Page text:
I first head the term “killer app” in the early 1980’s at the beginning of the home computer revolution. It basically referred to software so good or so useful that people would buy (at the time) expensive computer hardware just to run it. Examples like Visicalc on the Apple II, Lotus 123 on the IBM PC or Star Raiders on the Atari 400/800. The term has continued to be used and often devices will have what is referred to as a “killer feature”, such as push Email was on early Blackberry models or the edge to edge screen on the new Samsung Galaxy.
Overall I was and still am a huge fan of the Fourth edition of Dungeons & Dragons but even I will admit there are problems with it (but that’s not the point of this article) but I do believe Character Builder was one of the best and most important things to come out of that release.
In the early days, Character Builder (CB) was a downloadable application that let you quickly create and then manage your characters for the fourth edition of Dungeons & Dragons (released June 2008). No more rolling dice, no more frantic flicking back and forth through the players handbook; all of the information you needed was a mere keystroke and mouse tap away. You could roll up a character, pick their skills and equipment and then print it out (complete with all relevant power cards and spells) as a properly formatted character sheet in a matter of minutes. You could level your character and the application would work out all the new bonuses and stats for you (I always seem to miss something when leveling manually). The free version would let you take a character from level 1 to 3 but a DDI subscription was necessary for anything above that.
Another great feature of CB was that it was frequently updated in conjunction with the release of a new source book or other materials, so if you wanted to roll a Swordmage that you had read about in the new Forgotten Realms supplement, you could. You could create concept characters in minutes and draw up a veritable army of pre-generated ones far faster than by rolling dice.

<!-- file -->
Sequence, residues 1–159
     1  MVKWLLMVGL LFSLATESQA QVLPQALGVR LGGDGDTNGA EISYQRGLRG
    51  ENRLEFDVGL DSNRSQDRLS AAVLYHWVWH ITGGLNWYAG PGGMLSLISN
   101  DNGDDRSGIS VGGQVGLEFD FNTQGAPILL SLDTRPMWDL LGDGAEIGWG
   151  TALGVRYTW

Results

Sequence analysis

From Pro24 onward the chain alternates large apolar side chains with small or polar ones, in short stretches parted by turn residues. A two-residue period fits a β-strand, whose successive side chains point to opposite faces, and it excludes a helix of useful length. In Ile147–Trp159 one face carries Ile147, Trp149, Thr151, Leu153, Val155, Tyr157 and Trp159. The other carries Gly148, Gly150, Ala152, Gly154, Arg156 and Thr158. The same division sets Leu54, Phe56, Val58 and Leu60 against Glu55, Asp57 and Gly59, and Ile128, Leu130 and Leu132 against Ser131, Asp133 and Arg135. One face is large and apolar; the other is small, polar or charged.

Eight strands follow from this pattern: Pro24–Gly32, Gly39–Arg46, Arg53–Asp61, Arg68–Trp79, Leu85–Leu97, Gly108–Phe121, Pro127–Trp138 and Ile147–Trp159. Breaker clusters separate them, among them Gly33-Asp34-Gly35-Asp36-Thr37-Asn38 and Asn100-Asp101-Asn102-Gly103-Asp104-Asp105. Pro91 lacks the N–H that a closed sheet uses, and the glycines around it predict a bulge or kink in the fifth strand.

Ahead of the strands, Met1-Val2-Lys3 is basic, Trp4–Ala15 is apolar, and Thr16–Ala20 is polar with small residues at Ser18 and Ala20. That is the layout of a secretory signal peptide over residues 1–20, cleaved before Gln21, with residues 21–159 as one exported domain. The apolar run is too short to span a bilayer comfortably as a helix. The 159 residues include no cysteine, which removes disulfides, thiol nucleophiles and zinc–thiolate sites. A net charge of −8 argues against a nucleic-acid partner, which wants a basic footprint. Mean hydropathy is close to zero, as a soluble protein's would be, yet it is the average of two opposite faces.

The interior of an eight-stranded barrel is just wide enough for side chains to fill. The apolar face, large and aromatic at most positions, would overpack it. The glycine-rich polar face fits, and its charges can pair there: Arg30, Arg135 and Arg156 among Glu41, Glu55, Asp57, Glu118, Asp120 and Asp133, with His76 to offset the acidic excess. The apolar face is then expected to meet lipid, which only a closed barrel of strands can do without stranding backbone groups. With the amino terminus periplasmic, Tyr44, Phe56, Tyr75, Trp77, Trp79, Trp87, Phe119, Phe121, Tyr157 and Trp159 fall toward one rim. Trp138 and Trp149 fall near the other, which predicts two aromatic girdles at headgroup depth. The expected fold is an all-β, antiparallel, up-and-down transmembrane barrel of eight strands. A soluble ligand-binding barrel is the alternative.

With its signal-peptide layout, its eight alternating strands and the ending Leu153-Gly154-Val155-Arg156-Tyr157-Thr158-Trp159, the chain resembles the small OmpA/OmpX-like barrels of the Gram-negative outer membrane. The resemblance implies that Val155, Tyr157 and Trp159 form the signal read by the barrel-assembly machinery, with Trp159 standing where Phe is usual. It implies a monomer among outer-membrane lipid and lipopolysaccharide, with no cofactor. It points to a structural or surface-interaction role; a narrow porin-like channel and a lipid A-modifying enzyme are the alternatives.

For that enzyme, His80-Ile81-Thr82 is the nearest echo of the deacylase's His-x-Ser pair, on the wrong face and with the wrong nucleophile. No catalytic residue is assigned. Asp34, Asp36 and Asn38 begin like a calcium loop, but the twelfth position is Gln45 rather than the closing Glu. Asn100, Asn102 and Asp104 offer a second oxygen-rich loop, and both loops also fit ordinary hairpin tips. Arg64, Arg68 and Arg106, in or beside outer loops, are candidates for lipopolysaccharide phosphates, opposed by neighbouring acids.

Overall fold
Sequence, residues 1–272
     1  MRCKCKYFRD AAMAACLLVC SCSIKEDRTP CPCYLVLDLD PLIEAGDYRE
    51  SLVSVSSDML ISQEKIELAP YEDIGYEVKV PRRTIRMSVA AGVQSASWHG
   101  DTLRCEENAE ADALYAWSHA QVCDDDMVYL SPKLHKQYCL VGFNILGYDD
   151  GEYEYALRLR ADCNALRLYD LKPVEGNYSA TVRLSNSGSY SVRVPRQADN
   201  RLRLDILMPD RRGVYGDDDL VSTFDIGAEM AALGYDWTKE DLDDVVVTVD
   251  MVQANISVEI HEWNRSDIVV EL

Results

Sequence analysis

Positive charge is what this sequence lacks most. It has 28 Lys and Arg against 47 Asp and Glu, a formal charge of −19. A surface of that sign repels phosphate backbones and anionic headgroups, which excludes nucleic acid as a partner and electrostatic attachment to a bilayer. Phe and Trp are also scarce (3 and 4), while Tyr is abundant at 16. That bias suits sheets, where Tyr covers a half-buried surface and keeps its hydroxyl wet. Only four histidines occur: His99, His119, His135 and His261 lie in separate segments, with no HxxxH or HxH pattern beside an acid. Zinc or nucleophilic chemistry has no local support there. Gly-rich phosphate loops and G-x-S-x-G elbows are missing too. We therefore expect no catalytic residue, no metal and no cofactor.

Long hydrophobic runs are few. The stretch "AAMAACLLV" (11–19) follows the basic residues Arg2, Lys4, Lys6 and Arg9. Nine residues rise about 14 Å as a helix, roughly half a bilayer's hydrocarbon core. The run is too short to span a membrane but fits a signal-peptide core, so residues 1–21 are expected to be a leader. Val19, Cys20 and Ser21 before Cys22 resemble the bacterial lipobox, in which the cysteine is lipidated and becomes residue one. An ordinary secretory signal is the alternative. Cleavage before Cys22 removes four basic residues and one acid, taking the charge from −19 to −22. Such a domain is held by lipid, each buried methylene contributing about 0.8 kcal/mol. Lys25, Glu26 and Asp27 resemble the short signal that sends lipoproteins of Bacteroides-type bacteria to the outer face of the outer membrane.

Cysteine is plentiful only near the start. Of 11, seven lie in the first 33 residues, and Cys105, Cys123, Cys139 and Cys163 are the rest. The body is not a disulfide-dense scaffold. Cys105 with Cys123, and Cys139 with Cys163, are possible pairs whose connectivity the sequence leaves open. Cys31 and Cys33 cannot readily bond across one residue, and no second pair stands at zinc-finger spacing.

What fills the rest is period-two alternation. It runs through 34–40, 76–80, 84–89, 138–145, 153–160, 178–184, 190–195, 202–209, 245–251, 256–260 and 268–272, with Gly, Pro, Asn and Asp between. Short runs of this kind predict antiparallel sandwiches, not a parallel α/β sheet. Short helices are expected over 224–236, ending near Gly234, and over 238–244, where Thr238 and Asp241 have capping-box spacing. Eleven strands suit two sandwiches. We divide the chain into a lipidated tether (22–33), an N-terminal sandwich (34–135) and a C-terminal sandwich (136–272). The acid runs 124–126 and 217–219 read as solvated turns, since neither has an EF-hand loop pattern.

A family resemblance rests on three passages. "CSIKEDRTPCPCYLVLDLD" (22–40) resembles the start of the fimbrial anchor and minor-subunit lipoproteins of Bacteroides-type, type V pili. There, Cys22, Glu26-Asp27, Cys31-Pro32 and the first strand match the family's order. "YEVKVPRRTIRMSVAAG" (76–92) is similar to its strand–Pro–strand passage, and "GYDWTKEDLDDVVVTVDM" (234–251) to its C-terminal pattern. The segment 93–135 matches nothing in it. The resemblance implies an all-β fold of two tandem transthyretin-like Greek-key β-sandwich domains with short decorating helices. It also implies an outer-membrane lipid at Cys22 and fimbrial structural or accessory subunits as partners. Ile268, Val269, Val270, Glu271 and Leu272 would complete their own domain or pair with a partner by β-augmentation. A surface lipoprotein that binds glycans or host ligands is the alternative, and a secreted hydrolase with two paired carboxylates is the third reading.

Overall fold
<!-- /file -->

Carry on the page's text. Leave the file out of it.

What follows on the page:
CB would later move from a downloadable application to a web based tool but it still maintained the same functionality and allowed you to import characters you had built with the previous iteration and it was regularly maintained in line with new releases.
So where is CB for fifth edition?
When 5th Edition was still in preview, a set of tools produced by a third party (Trapdoor Technologies) emerged under what would be called DungeonScape. I didn’t see the preview and early reviews of the beta were mixed but hopeful as to that it was going in the right direction, but a post in October 2014 ended that when it was announced Wizards and Trapdoor were going their separate ways.
So what now?
If you go to the digital tools section of the Wizards website all you get are the Virtual Table and the old CB for fourth edition.
So where are my digital tools for Fifth Edition?
There are some home brew alternatives available out there. As a bit of an Excel Junkie I’m quite fascinated by some of the Excel magic people bring to the table with spreadsheets such as Forged Anvil. There are some independent IOS and Android apps (I’m currently using Fifth Edition in my current campaign) and Hero Lab now also supports the latest Edition. There’s also a web based one called OrcPub that feels a little like CB of old.
All of these go someway to replacing that original CB but all of them fall at various hurdles due to missing features due to licensing or some other problem or restriction on the material. Some traditionalists might decry at losing of a paper character sheet but I see it at as a natural evolution and realistically long overdue, even more so after what we had before. Do you agree or not? Answer in the comments section.